Conflict in the Ukraine – Q&A

Click here to view a joint statement issued by the nuclear industry in support of the IAEA’s efforts to ensure the safety and security of nuclear facilities and staff in Ukraine

The FORATOM team expresses its solidarity with the people in Ukraine, and in particular with all our colleagues in the nuclear sector, such as in Energoatom and the Ukranian Nuclear Forum. It has been an immense honour to work with our Ukrainian colleagues for so many years.

We strongly support the IAEA’s calls for an immediate halt in the use of force around Ukraine’s nuclear power plants and for the health and wellbeing of its workers to be protected. We call on the EU institutions to fully support the IAEA’s Director General to travel to the region with the goal of ensuring that the 7 principles for ensuring security and safety at any nuclear facility are not compromised.

On 11 March 2022 Rafael Grossi (IAEA Director General) travelled to Turkey in order to meet with foreign ministers of both the Ukraine and Russia. The goal of this trip was to make progress on the urgent issue of ensuring the safety and security of Ukraine’s nuclear facilities.More information about the outcomes can be found in the following press conference.

At the end of March, Mr Grossi travelled to Ukraine for talks with senior government officials on the IAEA’s planned delivery of urgent technical assistance to ensure the safety and security of the country’s nuclear facilities and help avert the risk of an accident that could endanger people and the environment. More information on this can be found here.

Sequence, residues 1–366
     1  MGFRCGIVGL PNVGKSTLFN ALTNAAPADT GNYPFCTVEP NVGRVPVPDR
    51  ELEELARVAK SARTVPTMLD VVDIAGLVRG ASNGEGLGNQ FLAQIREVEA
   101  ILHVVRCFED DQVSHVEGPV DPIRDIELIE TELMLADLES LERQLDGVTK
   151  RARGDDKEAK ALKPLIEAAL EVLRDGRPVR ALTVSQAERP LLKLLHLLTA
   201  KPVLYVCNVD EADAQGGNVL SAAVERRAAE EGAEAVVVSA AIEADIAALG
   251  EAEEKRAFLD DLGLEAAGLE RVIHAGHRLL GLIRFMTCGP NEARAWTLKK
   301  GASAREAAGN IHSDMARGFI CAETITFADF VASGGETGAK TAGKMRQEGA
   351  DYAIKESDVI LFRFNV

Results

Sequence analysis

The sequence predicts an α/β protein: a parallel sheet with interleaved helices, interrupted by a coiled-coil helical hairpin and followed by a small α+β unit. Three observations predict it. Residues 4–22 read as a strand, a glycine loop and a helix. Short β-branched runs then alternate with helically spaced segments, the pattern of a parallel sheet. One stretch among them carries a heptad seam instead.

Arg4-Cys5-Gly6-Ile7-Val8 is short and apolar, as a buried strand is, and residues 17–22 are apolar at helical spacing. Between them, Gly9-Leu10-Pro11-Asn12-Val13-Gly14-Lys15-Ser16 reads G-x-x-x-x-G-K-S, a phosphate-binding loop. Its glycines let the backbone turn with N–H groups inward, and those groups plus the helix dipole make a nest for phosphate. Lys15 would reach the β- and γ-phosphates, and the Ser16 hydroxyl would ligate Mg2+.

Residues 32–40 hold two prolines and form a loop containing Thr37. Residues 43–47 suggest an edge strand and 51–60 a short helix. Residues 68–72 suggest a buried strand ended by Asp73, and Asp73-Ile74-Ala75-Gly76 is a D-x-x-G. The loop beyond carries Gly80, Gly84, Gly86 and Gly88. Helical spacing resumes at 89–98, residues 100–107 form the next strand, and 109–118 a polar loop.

The IAEA is currently planning a series of technical assistance missions in the coming weeks to reduce the risk of a nuclear accident during the conflict in Ukraine.

What are the seven principles put forward by the IAEA?
  1. The physical integrity of the facilities – whether it is the reactors, fuel ponds, or radioactive waste stores – must be maintained.
  2. All safety and security systems and equipment must be fully functional at all times.
  3. The operating staff must be able to fulfil their safety and security duties and have the capacity to make decisions free of undue pressure.
  4. There must be secure off-site power supply from the grid for all nuclear sites.
  5. There must be uninterrupted logistical supply chains and transportation to and from the sites.
  6. There must be effective on-site and off-site radiation monitoring systems and emergency preparedness and response measures.
  7. There must be reliable communications with the regulator and others.
What is the status at the Zaporizhzhia Nuclear Power Plant (NPP)?

During the night of 3-4 March 2022, a projectile hit a training building in the vicinity of one of the plant’s reactor units, causing a localized fire. This fire was extinguished. In this respect, the IAEA confirms that the safety systems of the plant’s six reactors had not been affected and there has been no release of radioactive material. Furthermore, radiation monitoring systems at the site are fully functional.

Below is a summary of latest information available,

  • Whilst the plant continues to be operated by regular staff, the plant management is now under orders from the commander of the Russian forces. As a result, any plant management measures, including technical operation, requires the approval of the Russian commander
  • Regarding the workforce onsite, operational teams are now rotating in three shifts.
  • Regarding power supplies, the site has four high voltage (750 kV) offsite power lines plus an additional one on standby.  Two of the four have been damaged and therefore currently there are two power lines, plus the one on standby. According to the operator, the NPPs off-site power needs could be provided with just one power line. Furthermore, diesel generators are ready and functional to provide back-up power. More information can be found here